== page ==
How Whole-Home Water Softeners Work

If you live in an area with hard water, you may have been told that you need a water softener. You may wonder, “Isn’t a water softener just a glorified filter?” No, a water softener is quite a bit more complex. A basic understanding of how a water softener works can help you decide if a whole-home water softener is a good investment.

How to Select a Water Softener

If you are dealing the with hard water problems in your home, you may have decided that your best option is to buy a water softener. But if you think that buying a water softener is about as challenging as buying any other type of water filter, think again. A quick search on one of the major home improvement retailing websites will quickly reveal that buying a water softener can be a complex decision. The first thing you need to know is what size you need.
Getting the right size water softener is important for two reasons:
  • Cost. Water softeners come in a wide range of capacities and cost from several hundred to nearly two-thousand dollars. Other factors affect costs over the lifetime of the unit. Getting the right size means you get the most bang for your buck.
  • Having enough soft water. If hard water is a problem, an under-sized unit is not the solution.
What is your grain number?
If you want to soften your water, the first thing you need to know is how hard it is. If you use municipal water, you can learn this by simply asking your water provider. If you have a well, you will need to either have your water tested or buy a kit and test it yourself. Hardness is measured in grains per gallon, more commonly referred to as GPG.
By knowing how hard your water is, you have the first piece of your grain number requirement formula. The second number you need is how many gallons of water your household uses each day, on average.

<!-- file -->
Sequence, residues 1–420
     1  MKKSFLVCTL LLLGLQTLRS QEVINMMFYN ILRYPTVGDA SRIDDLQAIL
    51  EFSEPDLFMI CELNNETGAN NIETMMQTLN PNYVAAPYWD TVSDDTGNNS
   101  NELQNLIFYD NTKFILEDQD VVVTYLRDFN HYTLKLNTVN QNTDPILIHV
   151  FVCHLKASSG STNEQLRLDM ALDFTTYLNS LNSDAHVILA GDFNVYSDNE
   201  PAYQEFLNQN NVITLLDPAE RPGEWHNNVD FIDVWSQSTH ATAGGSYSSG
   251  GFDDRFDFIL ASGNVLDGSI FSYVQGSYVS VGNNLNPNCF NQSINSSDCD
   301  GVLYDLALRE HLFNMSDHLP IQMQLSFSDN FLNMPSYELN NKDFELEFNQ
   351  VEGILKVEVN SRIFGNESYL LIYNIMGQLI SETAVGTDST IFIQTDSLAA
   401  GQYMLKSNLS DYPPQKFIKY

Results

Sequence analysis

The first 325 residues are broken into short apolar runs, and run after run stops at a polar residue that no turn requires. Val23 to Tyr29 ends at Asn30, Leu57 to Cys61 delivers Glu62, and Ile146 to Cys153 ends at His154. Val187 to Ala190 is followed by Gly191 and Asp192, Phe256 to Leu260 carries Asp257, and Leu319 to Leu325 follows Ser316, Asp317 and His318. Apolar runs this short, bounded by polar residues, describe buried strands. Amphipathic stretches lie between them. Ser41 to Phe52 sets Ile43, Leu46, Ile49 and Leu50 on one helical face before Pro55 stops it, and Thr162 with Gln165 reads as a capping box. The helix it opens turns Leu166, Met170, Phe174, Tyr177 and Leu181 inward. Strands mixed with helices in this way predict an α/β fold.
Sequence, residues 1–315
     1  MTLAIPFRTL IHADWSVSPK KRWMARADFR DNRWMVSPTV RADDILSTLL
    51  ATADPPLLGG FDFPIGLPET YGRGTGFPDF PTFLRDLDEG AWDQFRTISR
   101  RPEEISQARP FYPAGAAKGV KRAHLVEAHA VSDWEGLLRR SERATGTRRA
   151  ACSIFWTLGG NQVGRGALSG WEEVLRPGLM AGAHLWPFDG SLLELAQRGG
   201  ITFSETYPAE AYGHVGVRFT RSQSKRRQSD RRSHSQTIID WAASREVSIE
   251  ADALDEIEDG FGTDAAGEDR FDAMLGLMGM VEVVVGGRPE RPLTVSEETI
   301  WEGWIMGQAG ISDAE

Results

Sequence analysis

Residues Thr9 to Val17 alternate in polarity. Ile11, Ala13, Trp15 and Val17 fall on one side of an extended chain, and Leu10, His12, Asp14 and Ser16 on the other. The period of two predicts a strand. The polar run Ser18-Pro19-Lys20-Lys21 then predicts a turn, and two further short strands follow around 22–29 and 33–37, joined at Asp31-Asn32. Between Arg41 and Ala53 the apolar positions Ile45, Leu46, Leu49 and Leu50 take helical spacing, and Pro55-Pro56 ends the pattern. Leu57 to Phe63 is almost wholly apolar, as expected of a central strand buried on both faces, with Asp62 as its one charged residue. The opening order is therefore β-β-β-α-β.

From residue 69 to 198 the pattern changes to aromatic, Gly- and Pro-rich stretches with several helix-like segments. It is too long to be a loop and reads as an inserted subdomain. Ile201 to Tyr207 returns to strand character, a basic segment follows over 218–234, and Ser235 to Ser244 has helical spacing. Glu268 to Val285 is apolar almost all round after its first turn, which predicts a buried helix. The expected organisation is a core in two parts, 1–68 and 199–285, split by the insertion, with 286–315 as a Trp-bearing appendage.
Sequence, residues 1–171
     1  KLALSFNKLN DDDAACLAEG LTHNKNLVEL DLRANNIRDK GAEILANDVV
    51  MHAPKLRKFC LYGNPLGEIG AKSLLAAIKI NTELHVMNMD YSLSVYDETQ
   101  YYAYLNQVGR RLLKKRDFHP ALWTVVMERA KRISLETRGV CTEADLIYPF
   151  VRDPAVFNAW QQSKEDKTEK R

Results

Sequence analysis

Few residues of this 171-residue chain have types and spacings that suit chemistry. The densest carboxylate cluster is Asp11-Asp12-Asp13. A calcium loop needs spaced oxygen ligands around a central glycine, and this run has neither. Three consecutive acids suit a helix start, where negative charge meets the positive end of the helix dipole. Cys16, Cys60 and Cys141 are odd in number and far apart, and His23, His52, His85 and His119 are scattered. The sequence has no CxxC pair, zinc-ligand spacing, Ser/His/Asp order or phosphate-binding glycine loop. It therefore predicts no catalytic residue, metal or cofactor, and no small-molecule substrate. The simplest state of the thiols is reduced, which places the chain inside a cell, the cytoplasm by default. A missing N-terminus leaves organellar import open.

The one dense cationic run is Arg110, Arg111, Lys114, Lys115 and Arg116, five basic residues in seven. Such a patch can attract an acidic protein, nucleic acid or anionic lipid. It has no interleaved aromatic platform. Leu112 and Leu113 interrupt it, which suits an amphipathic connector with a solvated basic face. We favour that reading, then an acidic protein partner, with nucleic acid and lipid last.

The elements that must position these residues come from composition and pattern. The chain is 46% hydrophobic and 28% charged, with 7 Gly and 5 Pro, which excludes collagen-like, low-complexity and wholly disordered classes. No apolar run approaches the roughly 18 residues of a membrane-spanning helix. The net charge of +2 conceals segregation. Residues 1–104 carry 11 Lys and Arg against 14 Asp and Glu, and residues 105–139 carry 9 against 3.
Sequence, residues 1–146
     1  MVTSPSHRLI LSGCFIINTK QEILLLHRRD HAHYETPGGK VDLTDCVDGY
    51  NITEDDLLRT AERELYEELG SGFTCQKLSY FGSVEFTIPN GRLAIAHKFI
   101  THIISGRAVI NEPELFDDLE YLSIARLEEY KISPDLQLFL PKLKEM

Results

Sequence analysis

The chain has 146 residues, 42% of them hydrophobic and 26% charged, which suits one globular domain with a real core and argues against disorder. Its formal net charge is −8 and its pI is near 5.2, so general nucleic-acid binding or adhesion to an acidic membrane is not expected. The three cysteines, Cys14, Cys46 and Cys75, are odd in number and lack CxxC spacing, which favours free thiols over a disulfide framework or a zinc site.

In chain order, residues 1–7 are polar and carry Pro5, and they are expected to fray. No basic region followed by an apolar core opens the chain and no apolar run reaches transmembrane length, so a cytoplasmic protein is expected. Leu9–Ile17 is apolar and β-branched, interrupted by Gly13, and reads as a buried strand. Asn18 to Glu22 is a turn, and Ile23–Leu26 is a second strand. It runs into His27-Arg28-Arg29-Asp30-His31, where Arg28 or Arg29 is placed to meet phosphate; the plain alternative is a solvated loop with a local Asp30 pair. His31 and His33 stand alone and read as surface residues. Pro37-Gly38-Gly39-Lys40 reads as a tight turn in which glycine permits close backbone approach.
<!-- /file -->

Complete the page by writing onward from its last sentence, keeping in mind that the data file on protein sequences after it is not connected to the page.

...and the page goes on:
If you prefer, you can use the commonly accepted average of 75 gallons per person per day. Bear in mind that if you use significantly more than this, then you may purchase a unit that is too small. If you over estimate, you may be paying more than you should for an oversized unit.
Once you have those numbers, the formula is simple: gallons per day x GPG.
For example, if two people live in a house with moderately hard water (5 GPG) and they use an average amount of water each day (75 gallons each), then the formula looks like this:
150 gallons per day x 5 GPG = 750
That is how many grains the water softener needs to remove from your water each day.
When you look at water softeners and the grain number, you will have one more calculation to perform. Simply divide the listed grain number by the amount you need removed each day. That will tell you how many days your water softener will last between recharges.
Also, don’t forget to include a buffer for high-demand periods, such as if you have guests for holidays.
While there are several important factors to consider when selecting a water softener, size is perhaps the most important one. Know your numbers and buy with confidence.